I was walking around my gym today, scoping out the other occupants (as always), and I wondered to myself “How do all these people remain upright?” Upright, you ask. Indeed. For my fellow gym members tend to be so imbalanced front to back, I can’t imagine how they keep from toppling forward onto their relatively overdeveloped front halves. Where are the posteriors? Where are the backs?
There’s nothing that says “athlete” quite like a jacked back, but in most cases the back is neglected in favor of the showier “mirror muscles” – chest, biceps, abz… – which is unfortunate. I’d take a well-developed back over mirror muscles any day of the week.
So what makes a back “like an anatomy book?” Well, first, let’s look at the anatomy book.
Yeah, the back is mad complicated. Don’t worry, we’ll get to that. The point though, is that you should pretty much be able to give an anatomy lesson on a well developed back.
Something like this:
Building An “Anatomy Book” Back
Before we get started building you back, it should be made clear that if your body fat is too high to see definition, no amount of muscle building is going to get you an anatomy book back. So get your diet in order.
OK, now on to the fun stuff. As you can see from the above diagram, there are a lot of muscles in the back. There are also a lot of actions happening back there. It’s all very complicated and rather boring. If you want the details, read Tortora. I did.
For the rest, we’re going to focus on three major movement patterns that revolve around the back, not muscles (per se):
- Horizontal pulling – like rowing a boat
- Vertical pulling – like a chin-up
- Deadlifting – picking something up off the floor
There’s a lot of overlap in what muscles these movements involve, but each has a bit of a different emphasis. For truly textbook-worthy back development, you probably need some form of all three.
The Action: Pulling towards your torso with the line of force perpendicular to your torso (or nearly so). Think rowing a boat. Or pulling your significant other in for a kiss.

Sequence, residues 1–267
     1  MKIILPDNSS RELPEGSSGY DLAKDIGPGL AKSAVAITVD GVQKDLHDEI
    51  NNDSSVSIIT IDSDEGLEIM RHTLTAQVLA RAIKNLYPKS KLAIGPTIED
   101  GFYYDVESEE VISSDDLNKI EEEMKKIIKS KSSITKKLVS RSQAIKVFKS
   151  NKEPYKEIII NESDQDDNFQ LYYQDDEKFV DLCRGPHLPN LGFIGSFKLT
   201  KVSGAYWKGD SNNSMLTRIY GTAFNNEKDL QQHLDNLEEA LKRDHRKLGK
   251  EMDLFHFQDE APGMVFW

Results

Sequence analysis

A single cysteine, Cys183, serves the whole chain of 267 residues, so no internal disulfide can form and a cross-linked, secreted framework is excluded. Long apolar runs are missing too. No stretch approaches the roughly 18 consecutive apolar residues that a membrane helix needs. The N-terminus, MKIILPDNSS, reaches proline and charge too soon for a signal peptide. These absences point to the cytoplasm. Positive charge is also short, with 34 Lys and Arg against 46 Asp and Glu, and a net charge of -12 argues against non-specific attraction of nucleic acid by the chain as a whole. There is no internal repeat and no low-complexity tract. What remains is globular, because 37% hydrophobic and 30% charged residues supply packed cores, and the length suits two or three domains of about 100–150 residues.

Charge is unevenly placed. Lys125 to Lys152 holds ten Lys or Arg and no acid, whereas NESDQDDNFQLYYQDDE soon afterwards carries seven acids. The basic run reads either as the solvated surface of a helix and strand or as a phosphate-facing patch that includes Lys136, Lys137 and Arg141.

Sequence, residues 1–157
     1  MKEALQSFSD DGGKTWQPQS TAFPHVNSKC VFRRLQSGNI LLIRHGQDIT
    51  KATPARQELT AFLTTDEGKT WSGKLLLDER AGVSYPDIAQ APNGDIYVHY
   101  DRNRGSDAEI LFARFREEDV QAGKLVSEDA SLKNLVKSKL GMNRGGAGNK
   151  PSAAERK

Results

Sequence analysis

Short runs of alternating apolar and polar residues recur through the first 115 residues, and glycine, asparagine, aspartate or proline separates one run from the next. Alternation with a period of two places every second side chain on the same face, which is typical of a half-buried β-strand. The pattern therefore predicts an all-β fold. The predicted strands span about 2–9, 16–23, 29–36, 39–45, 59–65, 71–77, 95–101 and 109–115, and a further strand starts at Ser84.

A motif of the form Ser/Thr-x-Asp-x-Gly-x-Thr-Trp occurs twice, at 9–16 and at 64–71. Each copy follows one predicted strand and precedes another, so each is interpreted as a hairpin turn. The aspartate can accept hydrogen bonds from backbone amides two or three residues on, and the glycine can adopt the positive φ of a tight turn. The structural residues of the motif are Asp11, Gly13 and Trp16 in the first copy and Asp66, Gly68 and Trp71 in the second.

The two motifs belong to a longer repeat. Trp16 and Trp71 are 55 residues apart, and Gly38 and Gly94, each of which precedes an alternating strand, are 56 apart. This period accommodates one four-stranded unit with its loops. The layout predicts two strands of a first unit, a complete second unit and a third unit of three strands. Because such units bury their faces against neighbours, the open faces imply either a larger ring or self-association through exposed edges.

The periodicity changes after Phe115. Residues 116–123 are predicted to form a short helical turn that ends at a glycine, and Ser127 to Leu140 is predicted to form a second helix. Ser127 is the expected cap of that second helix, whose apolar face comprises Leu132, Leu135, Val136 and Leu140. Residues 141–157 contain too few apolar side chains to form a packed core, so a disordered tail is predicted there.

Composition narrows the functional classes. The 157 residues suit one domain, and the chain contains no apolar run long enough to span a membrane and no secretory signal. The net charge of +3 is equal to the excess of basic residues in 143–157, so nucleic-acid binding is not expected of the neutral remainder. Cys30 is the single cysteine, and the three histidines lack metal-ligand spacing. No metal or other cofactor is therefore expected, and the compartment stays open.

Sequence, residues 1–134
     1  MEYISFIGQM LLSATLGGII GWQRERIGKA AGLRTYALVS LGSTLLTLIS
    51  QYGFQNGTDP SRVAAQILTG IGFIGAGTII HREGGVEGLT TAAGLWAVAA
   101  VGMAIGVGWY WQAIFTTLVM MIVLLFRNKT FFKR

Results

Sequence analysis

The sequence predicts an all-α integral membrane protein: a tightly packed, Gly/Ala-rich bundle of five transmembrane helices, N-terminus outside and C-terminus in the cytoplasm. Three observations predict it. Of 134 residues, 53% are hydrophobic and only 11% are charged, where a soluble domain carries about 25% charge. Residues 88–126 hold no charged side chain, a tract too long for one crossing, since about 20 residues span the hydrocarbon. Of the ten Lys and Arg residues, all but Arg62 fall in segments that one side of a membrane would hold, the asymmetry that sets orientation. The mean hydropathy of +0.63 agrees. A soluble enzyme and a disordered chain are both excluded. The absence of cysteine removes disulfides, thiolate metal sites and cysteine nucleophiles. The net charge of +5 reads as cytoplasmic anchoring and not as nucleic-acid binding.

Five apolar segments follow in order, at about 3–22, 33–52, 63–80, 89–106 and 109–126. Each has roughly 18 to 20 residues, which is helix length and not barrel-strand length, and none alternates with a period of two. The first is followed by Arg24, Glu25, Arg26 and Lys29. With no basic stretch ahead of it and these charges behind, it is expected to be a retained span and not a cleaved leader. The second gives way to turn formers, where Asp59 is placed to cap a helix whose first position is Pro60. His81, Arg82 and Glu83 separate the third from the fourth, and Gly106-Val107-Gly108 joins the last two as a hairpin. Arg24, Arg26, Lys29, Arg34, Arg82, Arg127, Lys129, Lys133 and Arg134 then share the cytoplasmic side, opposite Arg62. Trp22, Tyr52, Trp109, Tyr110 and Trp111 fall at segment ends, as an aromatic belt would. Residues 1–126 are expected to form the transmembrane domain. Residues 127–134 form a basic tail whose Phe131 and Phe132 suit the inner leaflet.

The Exercises: Rows, rows, and more rows. Lucky I already wrote an article about them.
The Instructions: Actively think about pulling your scapulae (shoulder blades) together and down when you row. Pretend you’re trying to put them in your back pockets at the peak of every rep. Otherwise you’re just doing glorified bicep curls.
The Payoff: Massive engagement of the mid-back muscles (rhomboids, middle trapezius, etc) mostly those which retract the scapulae (Remember what I said about pulling them together? That’s what I’m talking about). These are thickness muscles; they make your back thicker from front to back when they grow.
The Action: Pulling towards your torso with the line of force parallel to your torso (or nearly so). Generally used to pull yourself up to something.
The Exercises: Pull-ups, chin-ups, pull-downs, etc. Yep, got that one covered too. Article.
The Instructions: Again, think about pulling your scapulae (shoulder blades) together and down on every rep. Put them in your back pockets.
The Payoff: These pulls focus more on your latissimus dorsi, large fan-shaped muscles which run down the sides of your back. These are width muscles, which make your back look wider from side to side. Lats are one of the biggest contributors to the sought-after “V-Shaped” upper body. Siince you’re still focusing on your scapular retraction and depression, you’re going to get some activation of the rhomboids and mid/lower-traps as well.
The Action: Lifting something straight arm, generally from the floor, using the hips and back.
The Exercises: Deadlifts, rack pulls, Olympic lifts (cleans, snatches). Full article on deadlifts.
The Instructions: There’s less movement at the back during this one, just forced stability. Before each pull, think about locking your scapulae in the retracted, depressed position, and keeping them there through each rep.
The Payoff: These pulls require massive use of the upper trapezius (top of your back – where you would generally get a back rub) in addition to requiring the entire rest of the back musculature (everything previously discussed as well as the lower back). This is truly a full back builder. Anyone who says you need shrugs to build your traps isn’t deadlifting enough.
Start Giving Anatomy Lessons
Cause your back is now textbook worthy. Well, give it some time. And lots of workouts. You’ll get there!
Up next, bringing up the rest of your posterior, starting with the butt! Anyone interested?